When you look at Ego, it sure seems to be responsible for all the negative stuff in the world. From that personality conflict with such-and-such that drives us to distraction, to genocide and the threat of nuclear war, if you drill down to the core of it, you can plainly see Ego’s machinations.
So why, in the name of all the wisdom in the universe—and even from an evolutionary perspective—do we develop these ugly, obnoxious little selves that end up causing so much heartache and strife?
Well, when we were young, vulnerable infants, we strategically developed some coping mechanisms to protect our baby selves from the inevitable pain that results from having a human body in this world. Whether it be going hungry or needing to be changed for a time before our caretakers are able to feed and change us or something more traumatic like abuse, we all had to learn to self-soothe and deal with the veritable “slings and arrows of outrageous fortune.” There’s nothing wrong with that, in fact it was normal, absolutely necessary and intelligent. Dealing with pain by dissociating from our bodies, exaggerating opposing emotional reactions or acting out (to mention just a few possibilities) is quite brilliant. Weren’t we smart little tykes?
Not only is Ego our intelligent way of building a body of coping strategies, according to Peter Bauman and Michael Taft in Ego: The Fall of the Twin Towers and the Rise of an Enlightened Humanity, Ego is responsible for our capacity to conceptualize, imagine and create. They theorize that Ego evolved about 50,000 years ago as evidenced by the thinning of the human skull to allow for pre-frontal cortex development. So, without Ego, there would be no 9/11, but no Taj Mahal, either.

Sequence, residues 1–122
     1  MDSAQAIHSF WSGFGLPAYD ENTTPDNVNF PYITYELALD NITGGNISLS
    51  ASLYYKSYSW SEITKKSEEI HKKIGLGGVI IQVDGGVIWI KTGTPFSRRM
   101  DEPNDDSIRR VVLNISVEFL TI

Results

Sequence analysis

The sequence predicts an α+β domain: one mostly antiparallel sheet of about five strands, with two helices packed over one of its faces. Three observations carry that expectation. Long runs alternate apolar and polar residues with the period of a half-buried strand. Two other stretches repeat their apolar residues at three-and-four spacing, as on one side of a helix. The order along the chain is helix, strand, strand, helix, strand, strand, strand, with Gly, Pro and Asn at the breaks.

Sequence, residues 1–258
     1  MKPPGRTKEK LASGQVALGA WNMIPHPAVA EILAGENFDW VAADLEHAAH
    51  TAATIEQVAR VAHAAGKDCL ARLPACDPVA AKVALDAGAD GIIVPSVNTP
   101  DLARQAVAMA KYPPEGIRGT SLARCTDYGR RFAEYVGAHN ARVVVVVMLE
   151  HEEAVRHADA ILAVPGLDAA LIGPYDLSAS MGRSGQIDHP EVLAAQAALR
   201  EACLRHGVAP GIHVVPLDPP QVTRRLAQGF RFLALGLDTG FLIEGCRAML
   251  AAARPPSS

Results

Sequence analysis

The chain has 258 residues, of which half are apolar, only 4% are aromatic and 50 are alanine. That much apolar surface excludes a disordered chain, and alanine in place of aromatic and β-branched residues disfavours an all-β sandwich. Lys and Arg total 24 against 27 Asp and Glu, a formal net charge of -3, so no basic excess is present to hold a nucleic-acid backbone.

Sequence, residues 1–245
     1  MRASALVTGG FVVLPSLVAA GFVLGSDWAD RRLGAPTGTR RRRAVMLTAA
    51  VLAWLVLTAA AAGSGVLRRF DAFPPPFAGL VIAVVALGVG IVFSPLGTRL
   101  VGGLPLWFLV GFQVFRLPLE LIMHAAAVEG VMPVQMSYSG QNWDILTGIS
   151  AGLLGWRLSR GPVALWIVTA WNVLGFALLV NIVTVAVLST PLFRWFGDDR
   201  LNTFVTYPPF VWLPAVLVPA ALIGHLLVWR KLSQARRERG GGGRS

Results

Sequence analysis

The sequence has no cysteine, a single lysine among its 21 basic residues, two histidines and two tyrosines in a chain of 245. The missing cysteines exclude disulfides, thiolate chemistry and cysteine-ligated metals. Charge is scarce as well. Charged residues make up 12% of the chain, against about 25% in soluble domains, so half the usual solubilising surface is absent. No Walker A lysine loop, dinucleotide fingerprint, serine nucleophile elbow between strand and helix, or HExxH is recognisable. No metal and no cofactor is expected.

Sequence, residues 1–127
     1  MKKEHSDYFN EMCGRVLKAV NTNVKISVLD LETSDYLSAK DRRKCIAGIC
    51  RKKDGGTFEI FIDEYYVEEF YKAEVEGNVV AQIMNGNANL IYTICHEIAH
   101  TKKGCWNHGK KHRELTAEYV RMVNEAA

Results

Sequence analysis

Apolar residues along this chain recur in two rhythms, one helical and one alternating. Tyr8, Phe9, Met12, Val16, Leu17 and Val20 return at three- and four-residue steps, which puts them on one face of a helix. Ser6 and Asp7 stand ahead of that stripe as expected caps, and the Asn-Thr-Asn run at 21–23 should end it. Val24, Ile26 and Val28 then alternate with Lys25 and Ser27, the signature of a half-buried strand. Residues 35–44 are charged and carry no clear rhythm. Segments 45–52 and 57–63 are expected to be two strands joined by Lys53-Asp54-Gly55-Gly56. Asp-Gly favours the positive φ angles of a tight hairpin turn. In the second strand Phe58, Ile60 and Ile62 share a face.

Similar to Bauman and Taft, Eckhart Tolle sees Ego as one evolutionary step in human history that signaled a huge shift in our capacities and consciousness. They see another shift happening now as we wake up to the realization of the limitations of Ego.
The problem arises when we reach adulthood still dealing with life using these coping strategies from infancy. If we, for example, “check-out” and dissociate every time we’re presented with a problem, obstacle or emotion we’d rather not deal with, we’re going to run into some issues in our lives and relationships. We also begin to limit our self-concepts to this body of defense mechanisms because they’re so habitual. We tell ourselves that being otherwise is not an option for us because “that’s just who I am.”
This is where the Enneagram comes in. By laying bare our habitual defense mechanisms, we can learn to observe our own behavior and see ourselves acting them out in the moment. In the beginning, we may be motivated to stop these behaviors, to try to root them out. But that can actually be counter-productive. All it really takes is self-observation, just watching it play out. Over time, what happens is we begin to learn, one experience after another, how self-defeating the behaviors are. As we allow these realizations to land, the behaviors naturally and effortlessly fall away.
The Enneagram also teaches us that we’re not just one of nine personality types, we actually have access to the full range of human expression. It’s just that we limit ourselves to the patterned behavior of our type because it works for us. It gets us what we want and helps us avoid what we don’t want.